The influence of climate change on forest systems is acknowledged worldwide and its effects are visible on European forests. In the Mediterranean area, rising temperatures and the increased frequency of extreme events such as wind storms, heat waves and prolonged dry periods pose a threat to forest ecosystems and new challenges for Sustainable Forest Management (SFM).

It is also acknowledged that genetic diversity helps forests to cope with climate change and other threats. Indeed, genetic resources are the basis of the long-term evolutionary processes maintaining the adaptive potential of forests to environmental changes.

The aim of the LIFE SySTEMiC project (Close-to-nature foreSt SusTainablE Management under Climate Changes) is to use the “tool” of genetic diversity to protect our forests against climate changes. The basic idea is relatively simple: the higher the genetic diversity of the trees in a forest, the more likely it is that some trees will have genetic characteristics that make them more adaptable to climate change, thereby increasing the resistance and the resilience of the forest system.

Based on these premises, the main project objectives are to:

  1. Investigate the relationships between forest management and genetic diversity for eight forest tree species in three European Countries (Croatia, Italy, Slovenia) in order to identify the silvicultural systems that maintain high levels of genetic diversity.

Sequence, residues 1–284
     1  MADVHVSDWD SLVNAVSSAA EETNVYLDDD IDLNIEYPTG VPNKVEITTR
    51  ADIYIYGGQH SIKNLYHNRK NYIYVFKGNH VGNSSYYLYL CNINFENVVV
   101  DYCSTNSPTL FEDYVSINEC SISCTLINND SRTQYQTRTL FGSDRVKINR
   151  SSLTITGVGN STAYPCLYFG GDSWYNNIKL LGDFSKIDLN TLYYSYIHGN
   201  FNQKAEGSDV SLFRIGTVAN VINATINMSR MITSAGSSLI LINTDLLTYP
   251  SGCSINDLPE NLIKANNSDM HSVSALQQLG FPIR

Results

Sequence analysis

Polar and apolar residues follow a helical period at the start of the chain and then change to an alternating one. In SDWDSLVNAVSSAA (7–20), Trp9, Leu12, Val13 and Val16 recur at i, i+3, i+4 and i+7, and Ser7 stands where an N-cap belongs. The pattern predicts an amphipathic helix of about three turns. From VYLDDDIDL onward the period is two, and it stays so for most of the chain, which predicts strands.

2. Develop an innovative Genetic Biodiversity and Silvicultural model (GenBioSilvi) based on the combination of advanced landscape genomics, applied genetics, and silvicultural models to support SFM.
  3. Spread the knowledge of the method across Europe and to transfer its use in forestry practice by involving different types of stakeholders.

Forest owners, forest managers, national, regional, and local forest offices, academic and research institutions, forest certification schemes, and all institutions and organizations involved in forest protection and biodiversity conservation are the main beneficiaries of the GenBioSilvi tool.

The LIFE SySTEMiC project has a five years duration. The project has started on 1st September 2019 and will end on 31st August 2024.

Expected impacts at the end of the project

Evaluation of SFM impact in three Countries (Croatia, Italy, Slovenia) on a total of about 225 ha including 4 species/complexes: Abies alba, Pinus spp., Fagus sylvatica, Quercus spp.